CD1-reactive natural killer T cells are required for development of systemic tolerance through an immune-privileged site.

Sonoda KH, Exley M, Snapper S, Balk SP, Stein-Streilein J - J. Exp. Med. (1999)

In vivo blocking of NKT cell–CD1 interaction abrogated the ACAID. Five B6 mice were inoculated intravenously with rat IgM or anti-CD1 (3C11) Abs 1 d before ac inoculation with OVA. 7 d later, column-enriched splenic T cells harvested from ac-inoculated mice (regulator) were cotransferred with effector and stimulator cells into the ear pinnae of naive syngeneic mice (five per group). Ear swelling measurements from B6 mice (24 h after ear challenge) are shown on the ordinate, and cell mixture inoculated is indicated below each bar on the abscissa. Significant differences (P ≤ 0.05) are indicated by an asterisk.
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Related In: Results  -  Collection

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getmorefigures.php?uid=PMC2195676&req=5

Figure 6: In vivo blocking of NKT cell–CD1 interaction abrogated the ACAID. Five B6 mice were inoculated intravenously with rat IgM or anti-CD1 (3C11) Abs 1 d before ac inoculation with OVA. 7 d later, column-enriched splenic T cells harvested from ac-inoculated mice (regulator) were cotransferred with effector and stimulator cells into the ear pinnae of naive syngeneic mice (five per group). Ear swelling measurements from B6 mice (24 h after ear challenge) are shown on the ordinate, and cell mixture inoculated is indicated below each bar on the abscissa. Significant differences (P ≤ 0.05) are indicated by an asterisk.
Mentions: Clearly CD1 is needed for the development of NKT cells, but it is unknown if CD1 is required for NKT cell function in the generation of regulatory T cells in ACAID. We reasoned that if NKT cell interactions with CD1 were required for ACAID induction, we might be able to block ACAID by blocking the NKT cell interaction with CD1. Previously, anti-CD1 mAbs (3C11) were successfully used in vitro to block NKT cell–CD1 interactions 31. Therefore, mice were treated with anti-CD1 mAb 1 d before being inoculated (ac) with OVA and 8 d before harvesting the spleens, dissociating the cells, and column-enriching the splenic T cells for use as regulator cells in a LAT assay. 24 h after anti-CD1 treatment (3C11), dissociated spleen cells were stained with a different Ab for CD1 (1B1) to assess the presence of CD1+ cells in the spleen. Flow cytometry analyses showed that the Ab treatment did not alter the ratio or absolute number of CD1+ cells. In addition, anti-CD1 mAb treatment of mice did not alter the ratio or absolute number of NKT and NK cells (stained by anti–TCR-β and anti-NK1.1), T cells (stained by anti-CD3), B cells (stained by anti-B220), and macrophages (anti–Mac-1) in their spleens (data not shown). Groups of mice treated with control Ab developed antigen-specific efferent-regulatory T cells, but mice treated with anti-CD1 mAb did not (Fig. 6). Because the Ab treatment did not eliminate CD1+ cells, the most likely explanation is that an interaction between NKT cells and CD1 was blocked by the anti-CD1 mAb. Thus, we postulate that an interaction between the NKT cell and the CD1 molecule is required for the NKT cell to function in ACAID.

Bottom Line: Therefore, this model for immune-privileged site-mediated tolerance provided us with an excellent format for studying the role of NKT cells in the development of tolerance.Significantly, CD1-reactive NKT cells were not required for intravenously induced systemic tolerance, thereby establishing that different mechanisms mediate development of tolerance to antigens inoculated by these routes.A critical role for NKT cells in the development of systemic tolerance associated with an immune-privileged site suggests a mechanism involving NKT cells in self-tolerance and their defects in autoimmunity.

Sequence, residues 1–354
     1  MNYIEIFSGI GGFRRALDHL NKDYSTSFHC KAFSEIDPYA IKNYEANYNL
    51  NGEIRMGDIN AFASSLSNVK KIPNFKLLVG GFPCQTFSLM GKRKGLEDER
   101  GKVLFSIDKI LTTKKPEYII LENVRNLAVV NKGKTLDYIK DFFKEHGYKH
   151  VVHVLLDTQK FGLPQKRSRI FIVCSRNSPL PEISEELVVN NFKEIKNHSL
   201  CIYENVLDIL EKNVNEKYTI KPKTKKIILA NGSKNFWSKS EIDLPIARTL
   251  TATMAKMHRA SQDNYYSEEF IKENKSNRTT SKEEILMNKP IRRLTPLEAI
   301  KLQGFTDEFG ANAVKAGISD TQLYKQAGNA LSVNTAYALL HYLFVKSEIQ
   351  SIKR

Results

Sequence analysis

View Article: PubMed Central - PubMed

Affiliation: Schepens Eye Research Institute, Harvard Medical School, Boston, Massachusetts 02114, USA.

ABSTRACT
Systemic tolerance can be elicited by introducing antigen into an immune-privileged site, such as the eye, or directly into the blood. Both routes of immunization result in a selective deficiency of systemic delayed type hypersensitivity. Although the experimental animal model of anterior chamber-associated immune deviation (ACAID) occurs in most mouse strains, ACAID cannot be induced in several mutant mouse strains that are coincidentally deficient in natural killer T (NKT) cells. Therefore, this model for immune-privileged site-mediated tolerance provided us with an excellent format for studying the role of NKT cells in the development of tolerance. The following data show that CD1-reactive NKT cells are required for the development of systemic tolerance induced via the eye as follows: (a) CD1 knockout mice were unable to develop ACAID unless they were reconstituted with NKT cells together with CD1(+) antigen-presenting cells; (b) specific antibody depletion of NKT cells in vivo abrogated the development of ACAID; and (c) anti-CD1 monoclonal antibody treatment of wild-type mice prevented ACAID development. Significantly, CD1-reactive NKT cells were not required for intravenously induced systemic tolerance, thereby establishing that different mechanisms mediate development of tolerance to antigens inoculated by these routes. A critical role for NKT cells in the development of systemic tolerance associated with an immune-privileged site suggests a mechanism involving NKT cells in self-tolerance and their defects in autoimmunity.

Show MeSH
Related in: MedlinePlus